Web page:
What is facility management?
All clubs have some sort of facility that they are responsible for in some capacity whether it be through ownership, lease, licensing or renting arrangements.
Ensuring these facilities are kept in good working order or to meet these arrangements as well as your club demands requires your facilities to be managed by someone within your club. Too often clubs are looking for redevelopment opportunities without giving little thought to the ongoing costs associated with managing a facility, or how alternative designs and/or modifications to your infrastructure can reduce operating costs.
Facility Management is a definition which is constantly evolving in today’s sporting world. All sports clubs are in a competitive market with not only other sports, but also leisure activities competing for community interests and membership. It is therefore important for clubs and associations to be proactive in providing and maintaining the best possible facility conditions to provide benefits to their members and the broader community.
So, what is facility management?
For sporting clubs, facility management is ensuring your facilities are in the best possible condition by maintaining, repairing, upgrading or improving your facility assets to support the primary objectives of your club.
Facility Management can appear to be quite a daunting task from a time and effort perspective as well as the potential financial demands on your club. With increasing strains on our sporting clubs, it is important club committees take the time to consider and implement facility management plans to ensure service delivery, response to changing trends and most importantly sustainability within the community.
What is a facility?
Before we can begin to look at the steps involved in managing your facility, let’s define what a facility is.
When talking about sport, a facility includes where your members attend your sport, as well as the amenities and equipment used by your club. It is a building, structure or specific venue designed for a specific purpose or function. This also includes structures to support the involvement in your sport such as a canteen, scoreboard, lighting, heating, cooling or change rooms.
Club facilities can be indoors or outdoors, multi-use centres encompassing many sports or a small stand-alone structure dedicated to a single sport, and everything in between. Most importantly regardless of size or location it is important to ensure your facilities are clean, safe and in good working order to encourage members, supporters and visitors to attend your club.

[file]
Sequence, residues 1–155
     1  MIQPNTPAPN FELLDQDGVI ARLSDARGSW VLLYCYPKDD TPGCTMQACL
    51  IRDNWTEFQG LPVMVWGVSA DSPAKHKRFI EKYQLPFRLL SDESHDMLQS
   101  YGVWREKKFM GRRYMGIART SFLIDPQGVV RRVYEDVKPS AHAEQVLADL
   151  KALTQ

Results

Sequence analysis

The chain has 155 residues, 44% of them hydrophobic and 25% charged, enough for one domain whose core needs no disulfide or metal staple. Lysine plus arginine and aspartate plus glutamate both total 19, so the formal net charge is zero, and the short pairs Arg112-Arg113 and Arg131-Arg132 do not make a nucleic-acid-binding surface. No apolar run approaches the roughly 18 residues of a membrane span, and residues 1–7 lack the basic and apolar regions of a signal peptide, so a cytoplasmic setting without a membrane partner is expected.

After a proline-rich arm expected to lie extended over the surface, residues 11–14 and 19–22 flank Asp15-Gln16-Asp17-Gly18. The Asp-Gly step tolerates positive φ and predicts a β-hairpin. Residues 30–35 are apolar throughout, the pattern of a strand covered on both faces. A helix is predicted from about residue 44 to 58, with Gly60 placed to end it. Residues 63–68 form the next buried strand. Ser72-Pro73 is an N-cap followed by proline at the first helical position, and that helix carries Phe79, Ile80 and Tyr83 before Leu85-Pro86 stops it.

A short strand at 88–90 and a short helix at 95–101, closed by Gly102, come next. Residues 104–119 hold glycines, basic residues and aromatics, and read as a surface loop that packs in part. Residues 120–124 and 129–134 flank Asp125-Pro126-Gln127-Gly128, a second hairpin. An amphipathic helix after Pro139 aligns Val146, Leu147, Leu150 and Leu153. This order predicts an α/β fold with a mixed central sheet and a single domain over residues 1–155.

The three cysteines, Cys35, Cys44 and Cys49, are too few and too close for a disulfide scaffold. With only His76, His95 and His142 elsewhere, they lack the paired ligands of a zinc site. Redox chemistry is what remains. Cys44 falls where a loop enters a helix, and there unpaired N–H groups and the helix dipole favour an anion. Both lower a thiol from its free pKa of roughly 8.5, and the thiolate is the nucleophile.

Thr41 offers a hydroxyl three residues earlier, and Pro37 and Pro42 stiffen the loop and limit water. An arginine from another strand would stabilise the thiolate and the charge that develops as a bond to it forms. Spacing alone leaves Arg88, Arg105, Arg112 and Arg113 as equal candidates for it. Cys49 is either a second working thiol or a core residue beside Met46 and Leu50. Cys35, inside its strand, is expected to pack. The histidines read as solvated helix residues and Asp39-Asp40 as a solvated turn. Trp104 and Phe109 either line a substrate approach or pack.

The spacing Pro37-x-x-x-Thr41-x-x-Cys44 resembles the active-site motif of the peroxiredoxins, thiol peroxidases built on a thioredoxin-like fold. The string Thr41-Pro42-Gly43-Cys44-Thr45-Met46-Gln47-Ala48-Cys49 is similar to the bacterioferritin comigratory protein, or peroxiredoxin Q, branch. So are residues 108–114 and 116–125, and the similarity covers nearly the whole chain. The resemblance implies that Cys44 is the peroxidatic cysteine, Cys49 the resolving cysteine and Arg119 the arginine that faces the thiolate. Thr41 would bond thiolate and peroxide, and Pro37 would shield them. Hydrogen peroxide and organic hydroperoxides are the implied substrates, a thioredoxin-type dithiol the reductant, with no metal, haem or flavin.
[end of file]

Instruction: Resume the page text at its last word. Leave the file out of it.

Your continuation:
Why should clubs maintain their facilities?
Without a doubt, all clubs should want anyone who visits or participates in their club to have an enjoyable experience whilst doing so. There is nothing worse than attending a venue specifically built for your sport only to find that everything is broken, looks old or is dirty. This kind of experience discourages growth and retention of members and provides a negative reflection of your club to the community.
Taking pride in your facilities is also a great contributor to your club culture. When all your members, supporters and visitors have respect for your facilities it becomes a joint effort to contribute and maintain these standards. Added benefits of facility management also support the ongoing fundraising efforts of your club as the community and grant providers see that your club will value and take care of any donations or investments you are given.
Facilities will be specific and unique for each club and across different sports. While every club has facilities that are different, there are a great deal of processes and practices that every club should follow to ensure their club’s facilities remain safe, are looked after for years to come and are a great reflection of the club culture. To ensure this happens for your club it is imperative someone is responsible to coordinate the proper care and repairs for your club facilities.
This person is your Facility Manager.
How a ‘Facility Manager’ works
A Facility or Grounds Manager is the central point of contact for coordinating the running of your facility, looking after the facility management plan and looking at long term solutions and care of your facility.
It is not the role of the facility manager to be the only person in the club maintaining, repairing and upgrading your facilities. Nor is it the role to make major financial decisions on behalf of the club committee.
The role of the Facility Manager is to manage, maintain and ensure the safe and efficient operation of sports ground assets for club success. This position may include turf management, repairs and maintenance, security, cleaning and higher technical requirements. Facility Managers need to be able to plan in advance, anticipate changing environments and modify services where required for social, participation or financial reasons. Recommendations on improvements and more substantial infrastructure upgrades can be considered by the committees with up to date relevant information, asset registers and status reports from the Facility Manager.
To assist Facility Managers in identifying and assessing facilities and enable them to make well informed recommendations to the committee about upkeep, repairs and replacement it is important to have a ‘Facilities Management Plan’. This plan is a resource for the entire club to be able to understand, contribute to and clearly identify needs for the successful operation of the club.
Clubs that do not take the time to create a Facility Management Plan run the risk of being unproductive, vulnerable to changing market trends and most importantly wasting your most valuable asset – volunteer time and resources.
Facility Management Plans do not need to be complex and time consuming documents, although they do need to have relevant and up to date facility and assets information to be effective.